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I am currently preparing for my Foundations of Logic midterm and while going through different problems I ran into this question that I just can't solve

Premises:

(1) $p \to (q \lor r)$

(2) $r \to \lnot p$

(3) $q \to s$

∴ $p \to s$

I need to prove the validity of the following argument. It doesn't seem that I can use any of the inference rules here, I also tried using material implication but it didn't get me anywhere either. Any idea how this argument can be proved?

Thanks in advance

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The conclusion can only be false if $p=T$, $s=F$. There are only $4$ rows in the truth table with this assignment; just check every row which has these assignments and make sure that at least one of the premises is false. If this is the case, the argument is valid; if you find a row where all the premises are true but the conclusion false, the argument is invalid.

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  • $\begingroup$ Thanks, that helped $\endgroup$ – Anar Kazimov Jan 31 '18 at 17:57
  • $\begingroup$ @AnarKazimov No problem $\endgroup$ – Ovi Jan 31 '18 at 17:58
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  1. Suppose p, now q or r.

  2. Suppose q first, by 3) we conclude s.

  3. Suppose r which by 2) implies negation of p, but this is a contradiction since we are already assuming p, so anything goes, and thus s.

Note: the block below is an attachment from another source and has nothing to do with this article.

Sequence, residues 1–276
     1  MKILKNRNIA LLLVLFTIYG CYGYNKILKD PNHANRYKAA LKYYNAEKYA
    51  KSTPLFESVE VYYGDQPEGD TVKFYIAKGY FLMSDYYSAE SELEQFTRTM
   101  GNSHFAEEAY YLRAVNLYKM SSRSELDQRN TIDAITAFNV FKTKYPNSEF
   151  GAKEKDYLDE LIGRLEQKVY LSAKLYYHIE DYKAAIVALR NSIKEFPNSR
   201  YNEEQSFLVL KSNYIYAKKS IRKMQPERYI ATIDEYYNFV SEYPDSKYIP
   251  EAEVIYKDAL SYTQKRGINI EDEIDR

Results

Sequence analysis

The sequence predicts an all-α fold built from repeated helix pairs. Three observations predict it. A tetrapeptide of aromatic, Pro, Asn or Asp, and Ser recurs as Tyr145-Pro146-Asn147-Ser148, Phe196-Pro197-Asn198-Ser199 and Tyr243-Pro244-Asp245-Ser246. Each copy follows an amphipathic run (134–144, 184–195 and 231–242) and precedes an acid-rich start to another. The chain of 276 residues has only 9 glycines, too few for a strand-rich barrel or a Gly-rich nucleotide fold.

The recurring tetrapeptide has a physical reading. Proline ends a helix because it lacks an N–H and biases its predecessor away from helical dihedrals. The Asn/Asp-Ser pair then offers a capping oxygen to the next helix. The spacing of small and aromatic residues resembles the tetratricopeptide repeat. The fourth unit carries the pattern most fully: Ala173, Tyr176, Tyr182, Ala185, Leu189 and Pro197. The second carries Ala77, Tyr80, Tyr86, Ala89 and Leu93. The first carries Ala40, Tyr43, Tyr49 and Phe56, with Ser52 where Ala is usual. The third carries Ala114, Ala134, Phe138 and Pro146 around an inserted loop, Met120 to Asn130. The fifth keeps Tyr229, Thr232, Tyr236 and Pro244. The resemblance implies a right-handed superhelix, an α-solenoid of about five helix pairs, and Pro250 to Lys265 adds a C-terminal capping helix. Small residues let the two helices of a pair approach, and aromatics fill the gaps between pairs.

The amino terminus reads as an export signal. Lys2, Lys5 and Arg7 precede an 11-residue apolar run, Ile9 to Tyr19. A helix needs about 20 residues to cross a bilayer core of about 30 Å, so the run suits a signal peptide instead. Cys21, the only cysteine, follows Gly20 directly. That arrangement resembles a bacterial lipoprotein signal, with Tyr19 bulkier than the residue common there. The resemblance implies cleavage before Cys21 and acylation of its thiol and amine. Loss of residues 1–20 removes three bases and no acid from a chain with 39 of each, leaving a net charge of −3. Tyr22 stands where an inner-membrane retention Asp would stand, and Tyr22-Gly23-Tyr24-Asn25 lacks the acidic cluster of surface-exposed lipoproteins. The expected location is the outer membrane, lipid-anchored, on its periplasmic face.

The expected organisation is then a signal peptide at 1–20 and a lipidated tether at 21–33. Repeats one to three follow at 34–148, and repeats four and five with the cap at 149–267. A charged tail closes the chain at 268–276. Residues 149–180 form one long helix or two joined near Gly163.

So s either way. Done.

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Assume $p$ is true. Then from (1), we get $q \vee r$. We now argue by cases on $q \vee r$. In the first case, (3) gives $s$, and we are done. In the second case, (2) gives $\lnot p$; but since we were also assuming $p$, this gives a contradiction, so this case cannot actually happen.

More formally, using Fitch-style notation for an argument using natural deduction:

A1: $p \rightarrow q \vee r$ (context assumption)

A2: $r \rightarrow \lnot p$ (context assumption)

A3: $q \rightarrow s$ (context assumption)

  1. $p$ (assumption)

  2. | $q \vee r$ (modus ponens from A1, 2)

  3. | $q$ (assumption)

  4. | | $s$ (modus ponens from A3, 3)

  5. | $r$ (assumption)

  6. | | $\lnot p$ (modus ponens from A2, 5)

  7. | | $\bot$ (modus ponens from 6, 1)

  8. | | $s$ ($\bot$-elim from 7, a.k.a. ex falso quodlibet)

  9. | $s$ ($\vee$-elim from 2, 3-4, 5-8)

  10. $p \to s$ ($\rightarrow$-intro from 1-9)

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